Glancing through Twitter the last couple of weeks, a little icon with ‘Zip It – donate your voice‘ written on it caught my eye. Spending my days as a fundraiser for World Vision, I’m always keen to check out what others are doing in the ever challenging quest to raise funds for charities.
Given the title, it shouldn’t have surprised me that a campaign challenging Australians to stay silent for 24 hours – was raising money for mental health charities.
So often people with a mental illness feel like we have to stay silent about what we are feeling. Fearful of the reaction of others, we force ourselves to “zip it”.
When workplace chatter turns to mental illness, we “zip it” – not wanting to open up about our condition lest people start to treat us differently.
When we’re feeling stressed, or anxious or like depression is starting to close in on us, we “zip it” – preferring to suffer in silence than to admit that we’re not coping as well as we’d like others to think we are. Sadly, keeping our lips sealed, and not talking about what is going on inside, often makes what we are experiencing ten times worse.
But we’re not the only ones who “zip it” when faced with mental illness.
When we do become unwell, our loved ones around us “zip it” – trying to cope alone rather than risk embarrassing us by letting others know of our condition. Often, their friends, colleagues or fellow church members have no idea of what they – or their acutely unwell husband, wife, mother, father, sister, brother or child – is going through.
Most psychiatric hospitals are daunting places for the mentally unwell – let alone visitors. Moving from the flower and helium balloon filled maternity ward to the high dependency unit of a nearby psychiatric hospital after becoming acutely unwell following the birth of my first baby, the lack of visitors or even ‘get well’ cards surprised me.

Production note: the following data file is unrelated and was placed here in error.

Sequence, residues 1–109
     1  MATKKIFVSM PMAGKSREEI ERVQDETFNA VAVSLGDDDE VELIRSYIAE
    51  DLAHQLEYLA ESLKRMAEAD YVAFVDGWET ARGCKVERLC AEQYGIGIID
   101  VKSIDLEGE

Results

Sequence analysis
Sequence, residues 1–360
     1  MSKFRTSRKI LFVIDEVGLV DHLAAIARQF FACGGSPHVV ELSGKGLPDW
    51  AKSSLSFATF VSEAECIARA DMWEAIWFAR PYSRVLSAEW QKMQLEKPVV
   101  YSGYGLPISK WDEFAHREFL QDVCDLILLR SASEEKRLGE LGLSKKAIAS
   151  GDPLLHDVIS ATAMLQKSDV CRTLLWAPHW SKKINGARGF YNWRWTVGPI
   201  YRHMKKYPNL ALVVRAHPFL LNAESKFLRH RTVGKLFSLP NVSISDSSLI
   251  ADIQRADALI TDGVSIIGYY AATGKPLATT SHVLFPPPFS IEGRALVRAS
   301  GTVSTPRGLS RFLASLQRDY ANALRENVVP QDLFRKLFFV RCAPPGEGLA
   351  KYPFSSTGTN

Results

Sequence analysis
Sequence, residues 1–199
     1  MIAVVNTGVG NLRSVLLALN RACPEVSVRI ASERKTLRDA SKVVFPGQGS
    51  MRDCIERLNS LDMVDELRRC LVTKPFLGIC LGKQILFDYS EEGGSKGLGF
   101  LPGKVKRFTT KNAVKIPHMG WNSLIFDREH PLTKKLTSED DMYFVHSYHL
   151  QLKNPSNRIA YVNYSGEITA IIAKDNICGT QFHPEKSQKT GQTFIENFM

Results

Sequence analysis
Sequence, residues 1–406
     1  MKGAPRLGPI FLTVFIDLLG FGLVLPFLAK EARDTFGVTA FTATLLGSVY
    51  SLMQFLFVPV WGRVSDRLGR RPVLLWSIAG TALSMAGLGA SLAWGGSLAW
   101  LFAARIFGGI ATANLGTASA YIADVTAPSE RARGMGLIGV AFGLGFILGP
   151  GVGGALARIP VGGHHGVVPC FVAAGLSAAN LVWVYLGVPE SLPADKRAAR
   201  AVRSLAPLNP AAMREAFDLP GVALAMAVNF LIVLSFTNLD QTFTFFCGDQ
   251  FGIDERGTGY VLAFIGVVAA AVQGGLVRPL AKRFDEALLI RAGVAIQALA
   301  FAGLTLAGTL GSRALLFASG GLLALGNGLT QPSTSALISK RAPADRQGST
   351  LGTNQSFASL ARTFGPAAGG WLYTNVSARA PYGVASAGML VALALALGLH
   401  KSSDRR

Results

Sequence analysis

As someone who’s been forced to “Zip It” about my own condition on many occasions, I applaud the mental health charities of Australia for this great new campaign. Last time I checked, it had raised almost $58,000 for the following charity partners:
- Suicide Prevention Australia
- Headspace – National Youth Mental Health Foundation
- Black Dog Institute (which specialises in mood disorders like Bipolar Disorder)
- Mind Australia
- COPE – Centre of Perinatal Excellence
- PANDA – Post and Antenatal Depression Association
You can check out the campaign for yourself at http://www.zipit.org.au
Some of you might ask why are we discussing a fundraising campaign on a blog for mums with Bipolar Disorder? Well, because while I (and I’m guessing many of you) are still forced to “Zip It” – it doesn’t have to be like this in the future.
With awareness and education comes understanding. If down the track any of my three children are diagnosed with a mental illness – I’d like to hope that attitudes will have changed so much by then that they won’t think twice about discussing it with their friends or workmates. That there will be no need to “Zip It”.
If you’ve heard of any other great fundraising campaigns for mental health charities, leave a comment below – I’m sure we’d all love to hear about them!
1 thought on “Why people with Bipolar ‘Zip It’”
I don’t know of any fundraising campaigns for mental health charities that I can recommend right now, but I wanted to let your readers know of two things. The first is that starting next week on Thursday, Oct. 23 @ 8 p.m. EST there will be an online support group for parents with bipolar. If you’re on Facebook just go to:
The website is: https://www.bipolarparentingfoundation.org/
I continue to ask everyone I know to please endorse me for the WEGO Health Activist Award that I was nominated for a couple weeks ago. I’m the only nominee out of 60 people who has bipolar & if I win I can help other moms with bipolar – I don’t win $ or a new car! I “win” WEGO’s support & networking resources. To endorse me is easy as you know, Mariska! 😉 It takes 20 seconds & I hope you don’t mind my posting the link. THANKS so much – I love your blog!!!!